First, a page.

Dakar, Senegal – most controversial statue in Africa? worth a visit? 2


Dakar is one of those cities that came into being almost by accident. Its first appearance was in the guise of a humble service depot; its sole function to cater to the needs of a growing offshore European trade station, that of Île de Gorée.

Founding of Dakar

Dakar, Senegal

Photo credit: Benjamin White

The Portuguese settled on Île de Gorée in the 15th Century CE. The tiny, unremarkable island, on the westernmost point of the African mainland, was selected by the Portuguese to serve as a base for their West African slave trade operations.

The island changed hands a few times over the following centuries, eventually ending up with the French, who continued to use it as a base for slave trading.

Dakar, Senegal

Photo credit: Benjamin White

Meanwhile, the humble service facility on the mainland, staffed by the local Lebou people, continued to grow. It acquired the name: Ndakaaru.

In 1815 France officially abolished the slave trade, although it would take another 35 years before the trade would be fully stamped out.

But at that moment, Île de Gorée’s function had come to an end.

Peanuts

Dakar, Senegal

Photo credit: Benjamin White

Peanuts were the next big industry in the region. The crop was farmed on the mainland in high volumes, prompting the construction of warehouses and other facilities in Ndakaaru.

The humble service depot was suddenly a settlement in its own right.

By 1902 Dakar had grown into such an impressive city it became the capital of French West Africa. In 1960 it became the capital of the independent Senegal.

African Renaissance Monument

African Renaissance Monument, Senegal

Photo credit: Benjamin White

One of the main tourist attractions of the Senegalese capital is the highly-visible African Renaissance Monument. Completed in 2010, the statue is 49 metres tall, making it the tallest statue in Africa. It sits atop a small, prominent peak, one of two such mounds that are collectively known as Deux Mamelles (meaning: two breasts).

President Wade, who dreamt up the idea for the statue, claimed it would demonstrate that Africa has arrived in the 21st century standing tall and more ready than ever to take its destiny into its hands. 

African Renaissance Monument, Senegal

Photo credit: Amrita Ronnachit

Critics of the statue ask: if the statue is meant to embody Africa taking its destiny into its own hands, why was it designed by a Romanian architect and built by North Koreans?  They also ask, why are the figures not recognisably African in physique? And, why are the woman’s clothes falling off?

Critics argue that the statue symbolises the outdated values of macho, authoritarian rule. Local religious figure say that it’s idolatrous and indecent.

It hasn’t been ripped down yet, but if you really want to see it, then I suggest going now while you still have the chance.

Dakar Grand Mosque

Grand Mosque, Dakar, Senegal

Photo credit: Benjamin White

This enormous mosque, with a minaret that stands 67 metres in height, was designed by French and Moroccan architects.

It was opened in 1964 by the King of Morocco, and is undoubtedly Moroccan in style (with design cues to Koutabia Mosque in Marrakesh, and Hassan II Mosque in Casablanca).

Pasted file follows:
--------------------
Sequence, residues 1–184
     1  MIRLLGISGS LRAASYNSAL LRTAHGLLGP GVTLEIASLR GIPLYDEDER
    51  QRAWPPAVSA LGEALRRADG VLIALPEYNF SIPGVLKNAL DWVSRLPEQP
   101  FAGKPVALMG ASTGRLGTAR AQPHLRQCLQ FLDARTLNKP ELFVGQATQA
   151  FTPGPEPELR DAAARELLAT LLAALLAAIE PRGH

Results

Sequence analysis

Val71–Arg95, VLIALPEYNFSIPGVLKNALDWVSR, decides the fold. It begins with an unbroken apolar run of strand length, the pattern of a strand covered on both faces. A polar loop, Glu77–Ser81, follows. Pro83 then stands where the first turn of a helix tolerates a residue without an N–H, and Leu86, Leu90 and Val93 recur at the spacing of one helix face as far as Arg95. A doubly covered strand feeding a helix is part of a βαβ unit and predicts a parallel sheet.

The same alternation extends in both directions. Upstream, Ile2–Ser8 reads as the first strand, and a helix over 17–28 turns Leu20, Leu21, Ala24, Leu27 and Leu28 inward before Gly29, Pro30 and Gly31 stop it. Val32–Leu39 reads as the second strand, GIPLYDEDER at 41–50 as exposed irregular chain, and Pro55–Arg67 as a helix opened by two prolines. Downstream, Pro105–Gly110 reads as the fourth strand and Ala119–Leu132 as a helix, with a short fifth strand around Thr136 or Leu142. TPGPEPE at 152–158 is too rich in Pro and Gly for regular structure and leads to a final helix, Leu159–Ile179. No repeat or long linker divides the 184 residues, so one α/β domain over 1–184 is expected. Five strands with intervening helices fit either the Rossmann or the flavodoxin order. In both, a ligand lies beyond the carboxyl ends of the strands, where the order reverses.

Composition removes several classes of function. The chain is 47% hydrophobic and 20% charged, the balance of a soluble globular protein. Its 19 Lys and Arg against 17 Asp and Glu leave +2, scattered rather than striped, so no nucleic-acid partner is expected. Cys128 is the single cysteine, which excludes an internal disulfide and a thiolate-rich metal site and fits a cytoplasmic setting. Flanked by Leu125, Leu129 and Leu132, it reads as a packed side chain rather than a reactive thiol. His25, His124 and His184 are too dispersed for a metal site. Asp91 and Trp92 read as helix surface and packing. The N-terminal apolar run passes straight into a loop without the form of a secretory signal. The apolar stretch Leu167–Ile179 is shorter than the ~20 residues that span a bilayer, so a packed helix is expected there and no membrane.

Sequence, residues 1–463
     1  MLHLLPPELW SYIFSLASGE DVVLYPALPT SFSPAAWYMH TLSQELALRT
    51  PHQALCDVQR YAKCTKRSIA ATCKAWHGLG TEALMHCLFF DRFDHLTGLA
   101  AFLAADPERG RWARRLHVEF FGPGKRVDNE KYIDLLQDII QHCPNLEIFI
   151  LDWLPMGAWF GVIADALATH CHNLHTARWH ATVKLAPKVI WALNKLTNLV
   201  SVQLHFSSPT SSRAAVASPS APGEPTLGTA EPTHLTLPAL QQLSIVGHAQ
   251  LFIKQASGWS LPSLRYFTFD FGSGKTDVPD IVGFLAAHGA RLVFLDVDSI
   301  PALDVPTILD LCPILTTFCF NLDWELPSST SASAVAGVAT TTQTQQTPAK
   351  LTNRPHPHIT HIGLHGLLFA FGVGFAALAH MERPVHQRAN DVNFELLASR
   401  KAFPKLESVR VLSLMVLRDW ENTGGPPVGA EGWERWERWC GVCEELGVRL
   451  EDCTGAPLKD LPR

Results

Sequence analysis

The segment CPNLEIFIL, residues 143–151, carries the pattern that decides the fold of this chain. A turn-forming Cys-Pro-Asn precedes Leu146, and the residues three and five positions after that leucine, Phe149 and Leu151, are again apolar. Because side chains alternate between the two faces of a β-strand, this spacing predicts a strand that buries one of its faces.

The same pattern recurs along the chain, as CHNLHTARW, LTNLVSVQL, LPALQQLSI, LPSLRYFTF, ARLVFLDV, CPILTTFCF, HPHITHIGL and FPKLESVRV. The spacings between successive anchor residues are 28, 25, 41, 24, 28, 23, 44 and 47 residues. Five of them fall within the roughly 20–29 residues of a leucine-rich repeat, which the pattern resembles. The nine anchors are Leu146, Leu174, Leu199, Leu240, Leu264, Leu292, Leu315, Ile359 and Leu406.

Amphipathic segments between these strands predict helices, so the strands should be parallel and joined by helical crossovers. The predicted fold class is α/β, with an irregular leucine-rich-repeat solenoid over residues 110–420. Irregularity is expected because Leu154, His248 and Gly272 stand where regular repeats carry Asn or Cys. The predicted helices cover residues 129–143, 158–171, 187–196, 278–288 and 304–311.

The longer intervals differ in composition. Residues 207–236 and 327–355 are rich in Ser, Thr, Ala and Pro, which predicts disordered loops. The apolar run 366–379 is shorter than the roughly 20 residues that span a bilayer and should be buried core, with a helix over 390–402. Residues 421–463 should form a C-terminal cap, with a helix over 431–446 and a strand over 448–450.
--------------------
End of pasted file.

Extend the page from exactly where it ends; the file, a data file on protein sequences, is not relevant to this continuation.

Mosque of the Divinity

Mosque of the Divinity, Dakar, Senegal

Photo credit: Amrita Ronnachit

Located in the seaside neighbourhood of Oukam, and built right down on the beach itself, is the Mosque of the Divinity, completed in 1973.

Of the two mosques I’ve just listed the Mosque of the Divinity was definitely my favourite due to its unique style and aspect.

Musée Théodore Monod, Dakar

IFAN Museum of African Art, Senegal

Photo credit: Benjamin White

Housed in a charming Art Deco building, the Musée Théodore Monod contains several galleries of West African masks, statuary, and handicrafts. There is also an exhibition of local contemporary art.

It’s regarded as one of the best museums in West Africa.

IFAN Museum of African Art, Senegal

Photo credit: Benjamin White


Is Dakar safe?

I am unable to comment on the city as a whole as I only spent a few days there, but I will say that I felt safe during my time in Dakar. Ami and I walked all around the city centre by ourselves during the day and never felt troubled.


Is Dakar worth a visit?

Yes, Dakar is lots of fun, with a nice blend of chaos and function. It’s a pretty city, with lots of splendid coastline, and several decent day trips to sites such as Île de Gorée, Yoff Beach, and Lac Rose.


Practical information and how to reach Dakar:

Dakar is served by Blaise Diagne International Airport. It’s one of the busiest and best connected airports in West Africa, with plenty of routes throughout the region, as well as to Europe. More transport info here.


More on Senegal:

Île de Gorée – Maison des Esclaves and the Door of No Return

Yoff Beach – sand + surf vs. festively-painted fishing boats


More on West Africa:

Sierra Leone:

Freetown – Cotton Tree, Gaddafi Mosque, & Graham Greene

Bunce Island – jungle-covered remains of a slave trading castle

Birds of Freetown

Beaches of the Freetown Peninsula

The Gambia:

Kachikally Crocodile Pool – the crocs are safe?


Posts on Morocco:

Rabat – Hassan Tower + dreams of world’s biggest mosque

Aït Benhaddou – UNESCO ksar in Game of Thrones + Gladiator

Marrakesh – you can skip the shopping, but don’t miss the souqs

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2 thoughts on “Dakar, Senegal – most controversial statue in Africa? worth a visit?

  • Karen White

    I agree, the Mosque of Divinity is in such a beautiful location and is such a lovely looking building. The masks in the museum are very interesting as well, it must have well worth a visit. An interesting destination
    Kazzieandkitty